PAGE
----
White House Defends DHS Disinformation Board as ‘Non-Partisan and Apolitical’ Despite Nina Jankowicz Public Support for Hillary Clinton

Hillary Clinton attends the Gender Equality Conference at BI Business School on March 8, 2
Rune Hellestad/Getty Images, DHS

The White House on Monday said the newly created Department of Homeland Security’s (DHS) Disinformation Governance Board would be “non-partisan” despite the leader of the board’s history of partisan statements on social media.

“The mandate is not to adjudicate what is true or false online or otherwise, it will operate in a non-partisan and apolitical manner,” White House press secretary Jen Psaki told reporters at the daily briefing.

The appointed executive director of the board, Nina Jankowicz, publicly stated her support for failed presidential candidate Hillary Clinton during the 2016 election.

“Maybe Hillary Clinton’s most important point so far: A Donald Trump presidency would embolden ISIS,” she wrote on Twitter with the hashtag #ImWithHer.

During the 2016 election, Jankowicz spread discredited stories about then-presidential candidate Donald Trump’s ties to Russia and the Kremlin.

Jankowicz also repeatedly criticized former President Trump’s use of social media and scolded tech companies for failing to punish him for controversial posts on Twitter.

She also repeatedly pointed to claims that the Hunter Biden laptop was part of a Russian disinformation operation to affect the 2020 presidential election.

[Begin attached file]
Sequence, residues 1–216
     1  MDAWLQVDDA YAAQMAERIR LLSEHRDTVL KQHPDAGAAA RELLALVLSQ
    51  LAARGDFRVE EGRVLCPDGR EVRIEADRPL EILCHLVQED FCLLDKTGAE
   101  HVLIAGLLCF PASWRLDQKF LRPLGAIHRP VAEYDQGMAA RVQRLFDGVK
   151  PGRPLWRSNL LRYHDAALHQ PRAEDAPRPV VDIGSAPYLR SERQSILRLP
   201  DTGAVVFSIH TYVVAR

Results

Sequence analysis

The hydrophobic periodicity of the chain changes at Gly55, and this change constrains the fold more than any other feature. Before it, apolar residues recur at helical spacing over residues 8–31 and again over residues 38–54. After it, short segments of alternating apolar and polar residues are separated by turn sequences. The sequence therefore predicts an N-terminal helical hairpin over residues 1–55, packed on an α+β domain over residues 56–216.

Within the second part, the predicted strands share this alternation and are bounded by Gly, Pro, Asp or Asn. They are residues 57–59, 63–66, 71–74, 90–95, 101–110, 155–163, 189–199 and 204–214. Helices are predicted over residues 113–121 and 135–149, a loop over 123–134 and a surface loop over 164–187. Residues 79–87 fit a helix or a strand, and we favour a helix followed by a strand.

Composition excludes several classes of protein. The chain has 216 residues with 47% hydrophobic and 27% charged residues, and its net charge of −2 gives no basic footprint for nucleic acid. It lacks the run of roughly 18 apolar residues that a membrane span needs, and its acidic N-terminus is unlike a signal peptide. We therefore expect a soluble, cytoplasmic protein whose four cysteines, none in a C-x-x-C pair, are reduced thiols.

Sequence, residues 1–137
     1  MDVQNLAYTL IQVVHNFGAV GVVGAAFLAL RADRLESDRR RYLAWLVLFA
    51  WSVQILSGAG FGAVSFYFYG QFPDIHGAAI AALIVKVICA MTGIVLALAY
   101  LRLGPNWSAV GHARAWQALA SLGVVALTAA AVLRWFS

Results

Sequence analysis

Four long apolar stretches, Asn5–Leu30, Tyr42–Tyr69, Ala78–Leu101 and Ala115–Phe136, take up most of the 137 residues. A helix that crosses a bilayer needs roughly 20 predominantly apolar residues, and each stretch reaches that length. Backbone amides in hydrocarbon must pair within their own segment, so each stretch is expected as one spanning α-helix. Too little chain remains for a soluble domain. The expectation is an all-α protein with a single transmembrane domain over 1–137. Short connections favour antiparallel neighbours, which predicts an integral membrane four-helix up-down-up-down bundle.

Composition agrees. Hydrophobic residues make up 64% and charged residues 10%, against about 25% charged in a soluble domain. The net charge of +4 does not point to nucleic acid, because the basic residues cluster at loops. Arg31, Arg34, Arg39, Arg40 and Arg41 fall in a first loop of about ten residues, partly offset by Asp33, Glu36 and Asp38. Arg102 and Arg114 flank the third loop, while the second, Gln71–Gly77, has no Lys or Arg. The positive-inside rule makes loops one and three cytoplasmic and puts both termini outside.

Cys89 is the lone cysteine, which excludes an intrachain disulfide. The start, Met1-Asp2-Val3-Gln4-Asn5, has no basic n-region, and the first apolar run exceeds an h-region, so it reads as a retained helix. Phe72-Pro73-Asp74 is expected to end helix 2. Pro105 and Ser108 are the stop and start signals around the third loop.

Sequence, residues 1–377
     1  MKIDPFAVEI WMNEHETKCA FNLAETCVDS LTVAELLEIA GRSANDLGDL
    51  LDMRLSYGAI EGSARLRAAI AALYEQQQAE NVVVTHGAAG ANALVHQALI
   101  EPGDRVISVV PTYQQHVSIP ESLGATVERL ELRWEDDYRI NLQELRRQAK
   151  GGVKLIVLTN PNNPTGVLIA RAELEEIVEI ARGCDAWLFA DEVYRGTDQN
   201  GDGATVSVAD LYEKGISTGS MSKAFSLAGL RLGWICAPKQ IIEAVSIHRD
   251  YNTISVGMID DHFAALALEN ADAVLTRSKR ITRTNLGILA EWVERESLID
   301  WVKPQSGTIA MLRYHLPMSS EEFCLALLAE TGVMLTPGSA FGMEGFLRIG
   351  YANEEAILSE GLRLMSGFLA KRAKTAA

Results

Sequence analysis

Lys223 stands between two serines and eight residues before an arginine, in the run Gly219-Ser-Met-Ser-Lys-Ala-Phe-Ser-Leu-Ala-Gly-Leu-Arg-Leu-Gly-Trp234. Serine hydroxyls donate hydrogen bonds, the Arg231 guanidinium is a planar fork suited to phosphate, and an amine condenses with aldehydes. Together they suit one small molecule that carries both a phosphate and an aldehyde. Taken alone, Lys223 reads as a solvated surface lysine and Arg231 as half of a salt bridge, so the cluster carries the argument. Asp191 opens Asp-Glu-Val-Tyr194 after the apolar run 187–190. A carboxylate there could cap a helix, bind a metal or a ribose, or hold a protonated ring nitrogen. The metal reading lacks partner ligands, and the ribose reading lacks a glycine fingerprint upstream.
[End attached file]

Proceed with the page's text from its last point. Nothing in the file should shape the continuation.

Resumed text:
In 2020, Jankowicz even defended Christopher Steel’s thoughts on disinformation after his widely discredited Russian dossier was widely discredited as a major source for lies about President Trump during the campaign.

Jankowicz also defended Biden’s handling of Ukraine, despite Russian President Vladimir Putin invading the country during his presidency.

She argued that Trump would have been “much worse” than Biden.

Psaki said the DHS Disinformation Board under Jankowicz would “coordinate ongoing work that is happening” online from the Department.

She also said the board will focus on “things that would incite violence extremism” as well as human trackers and transnational criminals, malign foreign influence, or information endangering people during emergencies.

“A lot of this work is really about work that people may not see every day that’s ongoing by the Department of Homeland Security,” she said.

When asked how DHS would identify “extremist” groups, Jen Psaki said she did not know told reporters to question the Department of Homeland Security.


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